"I thought this was a great play for high-school students," says Adler, who will present the production at no cost to underprivileged students at the Joseph Caleb Auditorium and the Lyric Theater following its GableStage run. "We love bringing Shakespeare to them, and we'll continue to do that, but this play was too good not to, from the standpoint of being a teaching moment, dealing with bullying, dealing with sexual identity. This gives us a great opportunity to discuss that."

Like most of McCraney's plays, Choir Boy includes a live choral component, under the musical direction of Christina Alexander. The characters engage in sometimes structured, sometimes spontaneous renditions of Negro spirituals such as "I Couldn't Hear Nobody Pray," "Keep Your Eyes on the Prize," and "Sometimes I Feel Like a Motherless Child." Like a Greek chorus, they erupt at significant moments in the story, reflecting the characters' inner lives.

"Negro spirituals hold a significant place in the cultural cache of America," McCraney says. "Whether we admit it or not, they are the spine, or certainly a vertebra, of modern American music. I'm interested in how the tradition of that music is honored and who is entrusted with carrying this arc."

The challenge -- and the thrill -- for Adler is to direct the play, with its copious dialogue scenes and exhilarating musical interludes, without the assistance of stage direction. McCraney is a minimalist writer, so it's up to Adler and his cast to create both the physical actions and placements of the characters as well as the flow of the piece, where a single set must encompass a multitude of locations. James Randolph, who plays the prep school's headmaster and who was directed by McCraney in 2012's Hamlet, says there are marked differences between McCraney's and Adler's directing styles.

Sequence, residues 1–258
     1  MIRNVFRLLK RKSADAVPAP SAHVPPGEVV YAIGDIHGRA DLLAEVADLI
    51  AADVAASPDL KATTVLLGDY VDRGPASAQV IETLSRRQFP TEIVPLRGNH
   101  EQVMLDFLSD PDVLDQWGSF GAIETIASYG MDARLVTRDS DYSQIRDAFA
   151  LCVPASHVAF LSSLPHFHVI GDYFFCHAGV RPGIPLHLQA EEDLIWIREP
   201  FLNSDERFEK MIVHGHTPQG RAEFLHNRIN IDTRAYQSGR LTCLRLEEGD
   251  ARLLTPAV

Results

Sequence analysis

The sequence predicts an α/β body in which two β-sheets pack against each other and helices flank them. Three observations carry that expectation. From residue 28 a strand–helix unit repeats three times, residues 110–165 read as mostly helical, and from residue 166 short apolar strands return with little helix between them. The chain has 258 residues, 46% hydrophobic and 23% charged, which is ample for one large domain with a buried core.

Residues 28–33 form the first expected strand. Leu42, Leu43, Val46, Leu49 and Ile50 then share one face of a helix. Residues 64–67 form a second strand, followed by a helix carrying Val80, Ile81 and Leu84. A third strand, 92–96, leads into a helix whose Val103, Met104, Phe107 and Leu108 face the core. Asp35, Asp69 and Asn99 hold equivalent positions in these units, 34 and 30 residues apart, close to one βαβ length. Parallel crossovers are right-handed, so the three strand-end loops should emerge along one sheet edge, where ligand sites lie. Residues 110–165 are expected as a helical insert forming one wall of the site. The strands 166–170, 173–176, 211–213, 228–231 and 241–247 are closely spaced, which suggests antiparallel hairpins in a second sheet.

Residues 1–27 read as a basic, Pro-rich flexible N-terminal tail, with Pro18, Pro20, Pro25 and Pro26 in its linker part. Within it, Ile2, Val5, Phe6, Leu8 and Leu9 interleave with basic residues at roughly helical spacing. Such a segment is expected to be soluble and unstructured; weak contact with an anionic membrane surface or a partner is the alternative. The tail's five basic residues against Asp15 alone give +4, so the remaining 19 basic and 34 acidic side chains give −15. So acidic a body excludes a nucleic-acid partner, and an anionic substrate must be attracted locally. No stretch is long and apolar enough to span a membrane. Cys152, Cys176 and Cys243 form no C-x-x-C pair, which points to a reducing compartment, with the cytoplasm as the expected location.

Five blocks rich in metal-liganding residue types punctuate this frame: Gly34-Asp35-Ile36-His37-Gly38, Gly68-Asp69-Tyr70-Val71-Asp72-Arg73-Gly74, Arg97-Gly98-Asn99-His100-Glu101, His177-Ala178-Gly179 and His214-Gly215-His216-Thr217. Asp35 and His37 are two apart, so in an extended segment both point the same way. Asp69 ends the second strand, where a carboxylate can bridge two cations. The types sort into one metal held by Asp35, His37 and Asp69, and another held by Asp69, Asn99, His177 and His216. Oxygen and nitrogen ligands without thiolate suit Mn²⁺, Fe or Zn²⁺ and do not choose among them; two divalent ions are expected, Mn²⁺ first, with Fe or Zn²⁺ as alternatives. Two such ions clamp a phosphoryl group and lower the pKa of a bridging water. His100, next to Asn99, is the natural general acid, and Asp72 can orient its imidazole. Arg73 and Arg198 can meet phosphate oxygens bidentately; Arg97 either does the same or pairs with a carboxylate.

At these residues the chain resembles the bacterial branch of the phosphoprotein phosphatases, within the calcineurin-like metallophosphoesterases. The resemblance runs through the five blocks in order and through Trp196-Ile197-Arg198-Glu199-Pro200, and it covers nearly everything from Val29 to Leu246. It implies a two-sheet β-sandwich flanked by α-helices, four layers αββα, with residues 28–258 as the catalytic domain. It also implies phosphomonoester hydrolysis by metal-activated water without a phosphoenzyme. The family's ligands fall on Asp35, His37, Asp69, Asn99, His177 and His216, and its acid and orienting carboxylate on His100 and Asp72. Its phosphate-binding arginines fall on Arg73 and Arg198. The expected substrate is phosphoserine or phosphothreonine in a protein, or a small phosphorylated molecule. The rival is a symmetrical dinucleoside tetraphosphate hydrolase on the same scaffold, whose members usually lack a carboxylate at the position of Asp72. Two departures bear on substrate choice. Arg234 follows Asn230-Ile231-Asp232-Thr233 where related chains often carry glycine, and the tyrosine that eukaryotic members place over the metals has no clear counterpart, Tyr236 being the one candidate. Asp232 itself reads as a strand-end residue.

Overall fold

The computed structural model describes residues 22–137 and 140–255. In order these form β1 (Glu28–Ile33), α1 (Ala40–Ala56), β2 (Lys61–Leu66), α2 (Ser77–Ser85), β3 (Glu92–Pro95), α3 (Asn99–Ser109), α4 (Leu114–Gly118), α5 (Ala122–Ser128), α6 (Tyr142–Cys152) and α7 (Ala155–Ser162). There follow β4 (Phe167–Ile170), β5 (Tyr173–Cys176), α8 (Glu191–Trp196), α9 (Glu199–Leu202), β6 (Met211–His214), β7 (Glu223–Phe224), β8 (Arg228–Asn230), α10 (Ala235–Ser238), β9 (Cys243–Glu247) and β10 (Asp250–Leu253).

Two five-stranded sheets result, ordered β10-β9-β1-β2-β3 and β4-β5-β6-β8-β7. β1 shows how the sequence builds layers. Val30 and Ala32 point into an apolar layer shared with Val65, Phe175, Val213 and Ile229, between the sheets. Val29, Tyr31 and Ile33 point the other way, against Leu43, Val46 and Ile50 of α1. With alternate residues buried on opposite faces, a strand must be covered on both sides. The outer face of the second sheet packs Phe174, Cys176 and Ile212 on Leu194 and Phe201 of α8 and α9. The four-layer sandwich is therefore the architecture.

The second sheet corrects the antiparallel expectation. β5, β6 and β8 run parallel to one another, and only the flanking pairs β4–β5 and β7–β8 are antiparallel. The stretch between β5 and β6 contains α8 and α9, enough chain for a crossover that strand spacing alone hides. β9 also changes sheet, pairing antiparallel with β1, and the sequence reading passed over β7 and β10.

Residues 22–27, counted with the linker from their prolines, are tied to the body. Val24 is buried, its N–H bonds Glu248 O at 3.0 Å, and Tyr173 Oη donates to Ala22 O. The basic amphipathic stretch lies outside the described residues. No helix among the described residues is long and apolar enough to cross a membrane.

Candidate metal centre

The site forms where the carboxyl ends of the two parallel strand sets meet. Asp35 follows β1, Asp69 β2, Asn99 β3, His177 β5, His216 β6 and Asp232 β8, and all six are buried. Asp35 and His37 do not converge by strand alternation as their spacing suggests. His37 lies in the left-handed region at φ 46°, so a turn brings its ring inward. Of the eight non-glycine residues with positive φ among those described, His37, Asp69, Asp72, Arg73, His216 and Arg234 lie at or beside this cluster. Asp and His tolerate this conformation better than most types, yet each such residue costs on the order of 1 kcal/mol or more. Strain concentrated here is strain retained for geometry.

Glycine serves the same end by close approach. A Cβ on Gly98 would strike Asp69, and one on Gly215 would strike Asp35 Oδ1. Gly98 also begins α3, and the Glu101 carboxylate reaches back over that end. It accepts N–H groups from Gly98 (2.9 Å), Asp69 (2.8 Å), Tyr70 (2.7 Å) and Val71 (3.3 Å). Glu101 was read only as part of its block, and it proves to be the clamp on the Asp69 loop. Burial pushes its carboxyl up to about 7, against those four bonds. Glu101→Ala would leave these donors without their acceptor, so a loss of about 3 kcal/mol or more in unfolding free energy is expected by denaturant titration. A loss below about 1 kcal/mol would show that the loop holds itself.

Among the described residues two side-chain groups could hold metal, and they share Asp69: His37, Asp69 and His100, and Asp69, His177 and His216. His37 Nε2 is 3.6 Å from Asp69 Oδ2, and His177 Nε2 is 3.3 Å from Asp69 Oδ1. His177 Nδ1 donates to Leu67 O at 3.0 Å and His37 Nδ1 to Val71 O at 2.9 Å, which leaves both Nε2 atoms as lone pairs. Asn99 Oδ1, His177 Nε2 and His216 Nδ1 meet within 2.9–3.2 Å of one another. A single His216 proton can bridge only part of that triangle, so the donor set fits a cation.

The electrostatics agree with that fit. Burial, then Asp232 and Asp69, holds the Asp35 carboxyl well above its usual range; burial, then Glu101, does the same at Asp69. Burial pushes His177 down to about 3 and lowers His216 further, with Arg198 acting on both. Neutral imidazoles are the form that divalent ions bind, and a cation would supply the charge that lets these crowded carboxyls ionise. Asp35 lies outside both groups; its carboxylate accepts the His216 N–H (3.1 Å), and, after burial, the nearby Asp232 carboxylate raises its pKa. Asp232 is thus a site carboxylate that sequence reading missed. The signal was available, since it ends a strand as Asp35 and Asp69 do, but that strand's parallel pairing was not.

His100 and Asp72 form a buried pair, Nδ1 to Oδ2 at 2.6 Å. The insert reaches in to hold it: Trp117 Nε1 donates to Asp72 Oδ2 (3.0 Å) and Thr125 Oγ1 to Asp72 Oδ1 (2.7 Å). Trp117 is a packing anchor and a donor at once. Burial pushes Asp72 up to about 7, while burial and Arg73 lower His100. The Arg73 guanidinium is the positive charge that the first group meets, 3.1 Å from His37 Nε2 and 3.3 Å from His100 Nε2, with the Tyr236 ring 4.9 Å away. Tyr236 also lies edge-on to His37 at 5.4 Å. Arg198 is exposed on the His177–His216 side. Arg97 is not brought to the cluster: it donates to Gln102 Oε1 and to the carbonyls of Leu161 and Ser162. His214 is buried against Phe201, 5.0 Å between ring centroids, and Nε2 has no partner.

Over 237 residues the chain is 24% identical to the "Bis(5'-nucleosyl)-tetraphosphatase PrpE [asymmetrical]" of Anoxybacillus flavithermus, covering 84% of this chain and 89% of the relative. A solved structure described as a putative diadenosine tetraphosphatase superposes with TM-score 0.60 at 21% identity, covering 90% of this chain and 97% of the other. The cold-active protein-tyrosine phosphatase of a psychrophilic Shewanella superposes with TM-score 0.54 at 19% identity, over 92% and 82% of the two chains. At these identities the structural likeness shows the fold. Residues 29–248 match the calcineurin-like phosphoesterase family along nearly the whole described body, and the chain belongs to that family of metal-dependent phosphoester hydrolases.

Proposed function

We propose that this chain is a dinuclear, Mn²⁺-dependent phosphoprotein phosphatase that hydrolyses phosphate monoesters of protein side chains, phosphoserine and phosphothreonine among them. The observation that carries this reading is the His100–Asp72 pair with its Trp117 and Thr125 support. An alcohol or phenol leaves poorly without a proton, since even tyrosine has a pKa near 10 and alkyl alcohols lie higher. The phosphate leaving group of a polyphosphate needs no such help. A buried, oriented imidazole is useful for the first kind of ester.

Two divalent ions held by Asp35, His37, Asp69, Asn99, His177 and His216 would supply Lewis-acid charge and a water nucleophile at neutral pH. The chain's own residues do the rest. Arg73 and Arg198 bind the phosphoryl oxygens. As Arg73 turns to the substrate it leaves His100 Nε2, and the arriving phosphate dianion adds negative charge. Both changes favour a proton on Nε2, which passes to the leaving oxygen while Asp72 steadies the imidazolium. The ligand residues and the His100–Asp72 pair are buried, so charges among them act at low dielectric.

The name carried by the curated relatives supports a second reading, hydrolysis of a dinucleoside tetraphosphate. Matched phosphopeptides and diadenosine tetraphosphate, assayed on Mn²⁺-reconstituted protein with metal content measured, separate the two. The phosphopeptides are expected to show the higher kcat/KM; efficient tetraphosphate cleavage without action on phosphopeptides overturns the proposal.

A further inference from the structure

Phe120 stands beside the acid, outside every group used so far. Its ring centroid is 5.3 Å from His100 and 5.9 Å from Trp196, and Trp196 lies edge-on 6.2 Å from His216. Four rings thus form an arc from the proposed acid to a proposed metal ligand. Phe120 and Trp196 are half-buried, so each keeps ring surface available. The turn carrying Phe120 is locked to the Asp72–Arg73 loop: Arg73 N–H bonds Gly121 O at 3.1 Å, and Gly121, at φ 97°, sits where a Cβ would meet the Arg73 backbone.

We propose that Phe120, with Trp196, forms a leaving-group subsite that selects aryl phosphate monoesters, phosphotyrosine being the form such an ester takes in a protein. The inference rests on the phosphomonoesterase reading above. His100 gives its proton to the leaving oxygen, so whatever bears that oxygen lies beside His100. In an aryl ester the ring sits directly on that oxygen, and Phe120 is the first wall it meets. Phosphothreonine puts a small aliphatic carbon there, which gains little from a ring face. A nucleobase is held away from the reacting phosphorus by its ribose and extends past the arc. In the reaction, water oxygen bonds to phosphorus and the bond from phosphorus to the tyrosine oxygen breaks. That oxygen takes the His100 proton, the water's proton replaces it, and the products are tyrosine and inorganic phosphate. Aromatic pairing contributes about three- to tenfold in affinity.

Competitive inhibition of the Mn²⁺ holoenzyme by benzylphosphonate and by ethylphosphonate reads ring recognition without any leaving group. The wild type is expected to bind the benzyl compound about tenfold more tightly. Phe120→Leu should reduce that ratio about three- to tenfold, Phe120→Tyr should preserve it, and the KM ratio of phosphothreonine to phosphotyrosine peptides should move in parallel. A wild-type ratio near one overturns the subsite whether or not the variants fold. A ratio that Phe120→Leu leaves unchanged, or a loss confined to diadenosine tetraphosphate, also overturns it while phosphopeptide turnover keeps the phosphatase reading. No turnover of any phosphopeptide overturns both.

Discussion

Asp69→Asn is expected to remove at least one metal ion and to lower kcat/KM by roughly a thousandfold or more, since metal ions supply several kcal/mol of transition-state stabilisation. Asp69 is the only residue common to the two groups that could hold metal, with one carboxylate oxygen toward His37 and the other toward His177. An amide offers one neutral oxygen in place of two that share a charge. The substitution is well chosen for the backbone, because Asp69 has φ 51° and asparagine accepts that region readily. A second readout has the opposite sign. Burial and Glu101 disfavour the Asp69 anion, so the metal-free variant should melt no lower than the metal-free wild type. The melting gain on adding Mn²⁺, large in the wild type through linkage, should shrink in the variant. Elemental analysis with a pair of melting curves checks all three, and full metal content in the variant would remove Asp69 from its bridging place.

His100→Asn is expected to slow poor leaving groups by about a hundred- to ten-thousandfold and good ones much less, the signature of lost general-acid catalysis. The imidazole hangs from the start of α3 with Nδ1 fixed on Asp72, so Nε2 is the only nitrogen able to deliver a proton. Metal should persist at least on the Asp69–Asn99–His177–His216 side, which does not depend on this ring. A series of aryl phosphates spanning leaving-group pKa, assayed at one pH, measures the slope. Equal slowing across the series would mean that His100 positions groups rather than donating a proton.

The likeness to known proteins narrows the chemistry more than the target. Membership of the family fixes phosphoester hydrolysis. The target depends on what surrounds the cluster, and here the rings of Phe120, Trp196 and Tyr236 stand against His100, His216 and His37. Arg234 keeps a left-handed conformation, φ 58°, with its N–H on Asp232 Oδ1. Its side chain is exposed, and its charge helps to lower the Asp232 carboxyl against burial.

"Probably Joe has a stronger idea about where he ultimately wants to go, and he'll keep you on that course and keep it moving until he gets you where he thinks you and the other actors in the scene should be," Randolph says. "Tarell enjoys the art of exploration. He'll let you just play, and he'll reel you back in when he thinks you're going off the reservation.

"Of course, Tarell was working with a cast of 13 to 15 people [on Hamlet]. It was a classical play, an adaptation; there were sword fights. This is a series of scenes that builds slowly, and the cast is smaller, and the scenes are in some ways more intimate, kind of like apples and kiwis."

For Randolph, this production completes a cycle that began with teaching theater to McCraney at New World, continued as he acted in a McCraney-directed classic, and now includes performing in one of his original plays.

"His talent has gotten as strong as his humanity, both of which are really quite high," Randolph says. "He always had a very distinct spark, and it was recognized [at school]. I would say I've gone from being a teacher of his to one of his biggest fans."

Choir Boy runs January 24 through though February 22 at GableStage, 1200 Anastasia Ave., Coral Gables; 305-445-1119, gablestage.org. Tickets cost $40 to $50.